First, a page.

Yesterday was the Chinese New Year, the Year of the Rat. In China, the lunar New Year is as important as Christmas. Millions upon millions of people pack onto planes and trains and buses to visit the relatives for the season. This year's festival began on the lunar New Year's Eve (January 24) and will culminate after 15 days with the "Lantern Festival" (February 8).
A few years ago the Chinese New Year Festival (also called "The Spring Festival") was disrupted because of massive snowstorms. This year it is being disrupted by the deadly coronavirus. The Chinese government has restricted travel for at least 48 million people in an attempt to contain it. Over fifty people have died from it, as of this Sunday night writing. And about 2000 people around the world (but mostly in China) are sick from it. With everyone moving about the country and the world, especially because of the Spring Festival, it is hard to contain.
Even though millions of people (in China and around the world) are finding their plans disrupted, and even though it is painful to forego family reunions in many cases, festivals take on extra importance in times that are hard. They are a reminder of the strength and heritage of a people...and the love of a family...increasing and growing during hard times. A festival in the midst of a tribulation is a sign of hope and a reminder of our deepest values..
I want my hundreds of friends (and family) in China to know that I am thinking of them these days...and praying fervently for an end to this runaway virus.
This is the year of the rat. Who can escape the irony of that? The rat was once (erroneously) blamed for another runaway plague: the Black Death, one of the most deadly pandemics in history, killing between 75-200 million people in Europe and Asia between 1347 and 1351. It took 200 years for the world to recover its population total after that plague.
The rat doesn't have a very good reputation among westerners, in part because of that catastrophe. Thus, it gives me great pleasure to buck the trend and plead the case for this God-created rodent.
Let's begin with this: some rats are really smart. Even the average rat is usually able to outsmart the humans who are trying to control them.
We also know something about the intelligence of rats because rats and mice are the most tested animal in the world. About 80 million of them are tested in scientific laboratories each year in the U.S. They demonstrate powers of reasoning (helping them escape dangerous situations) and cooperation with each other. Rats are highly social, communicating information and affection with each other. They are ones of the cleaner animals, grooming themselves several times a day.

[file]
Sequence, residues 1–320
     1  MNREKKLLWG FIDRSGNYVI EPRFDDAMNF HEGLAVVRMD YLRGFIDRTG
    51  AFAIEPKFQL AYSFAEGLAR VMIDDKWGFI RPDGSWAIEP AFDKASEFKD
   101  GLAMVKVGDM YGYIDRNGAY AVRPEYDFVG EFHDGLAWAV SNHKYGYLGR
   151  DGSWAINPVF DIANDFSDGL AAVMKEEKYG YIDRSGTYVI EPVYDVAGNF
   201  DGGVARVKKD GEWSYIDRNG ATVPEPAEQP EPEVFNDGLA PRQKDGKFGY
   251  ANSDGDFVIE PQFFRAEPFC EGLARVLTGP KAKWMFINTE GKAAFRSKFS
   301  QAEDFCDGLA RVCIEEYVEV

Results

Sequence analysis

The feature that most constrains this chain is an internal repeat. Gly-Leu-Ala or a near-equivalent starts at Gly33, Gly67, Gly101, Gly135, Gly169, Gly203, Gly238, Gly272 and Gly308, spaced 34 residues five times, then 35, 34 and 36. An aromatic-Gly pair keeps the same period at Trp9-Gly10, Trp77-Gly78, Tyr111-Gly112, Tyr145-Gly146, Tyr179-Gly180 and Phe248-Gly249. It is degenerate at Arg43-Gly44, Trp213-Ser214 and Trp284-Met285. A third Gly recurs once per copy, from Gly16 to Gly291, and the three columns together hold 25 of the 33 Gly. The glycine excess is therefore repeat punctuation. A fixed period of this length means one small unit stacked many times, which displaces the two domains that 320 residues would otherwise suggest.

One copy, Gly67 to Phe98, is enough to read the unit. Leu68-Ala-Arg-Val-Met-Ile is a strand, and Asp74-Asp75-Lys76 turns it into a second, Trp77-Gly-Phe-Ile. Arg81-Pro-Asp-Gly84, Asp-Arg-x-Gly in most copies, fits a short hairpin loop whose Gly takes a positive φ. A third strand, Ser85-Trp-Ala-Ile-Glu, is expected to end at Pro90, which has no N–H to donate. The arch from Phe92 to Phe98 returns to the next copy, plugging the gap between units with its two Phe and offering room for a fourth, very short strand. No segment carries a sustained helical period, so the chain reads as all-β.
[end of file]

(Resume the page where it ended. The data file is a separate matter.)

A skinny rat can wriggle its way through a hole the size of a quarter. Wild rats seldom weigh more than a pound. But a rat in a cage...or with access to a good garbage can... can grow 9-11 inches long (with a 7-9 inch tail.) A male rat is called a buck, an unmated female a doe, a pregnant or maternal rat is a dam, the babies are kittens or pups, and a group of rats is known as a mischief.
Rats reach sexual maturity at 6 weeks, social maturity at six months, and live about a year. It was actually the fleas that attach to rats (and other animals) that are believed to be the cause of the Black Death.
Rats can be a problem though, no doubt. They can carry diseases all the way from deadly plagues to minor irritants. And they destroy crops. About 15% of an average crop on the African continent is eaten by rats. And 200 million people in Asia could be fed with the rice that rats eat. Rats are an invasive species all over the world, particularly pernicious on islands, where half of all bird and reptile extinctions are due to rats eating eggs, hatchlings, and adults.
But the human race owes rats an overwhelming debt of gratitude for all the good health that has resulted from laboratory testing. Rats share 85% of their DNA with humans, including every gene that is known to be relevant to human diseases. Work with rats has helped us make progress in fighting Alzheimer's Disease, diabetes, heart failure, bacterial infections, high cholesterol, HIV, cancer, and autism.
In China, the rat is celebrated as a sign of wealth and surplus. In days when many children were wanted, the rat was admired for its reproduction abilities. If a litter of 9 rat pups is born January 1, (since they reach sexual maturity at 6 weeks) they could have 11,900 descendants by December 31 of the same year.
My daughter Alison was born in the year of the rat. So was George Washington. So was Richard Nixon, Rosa Parks, and Pope Francis. Those born in the year of the rat are said to be optimistic and energetic and liked by all. They are also said to be stubborn. Not a bad combination.
To all my Chinese friends: xin nian kuai le.
And to my English-only friends, come on...celebrate New Year's again. At this time of the year, we need more of a kick than just Ground Hog's Day.
I owe my information to wikipedia and to a newsfeed I get, Quartz.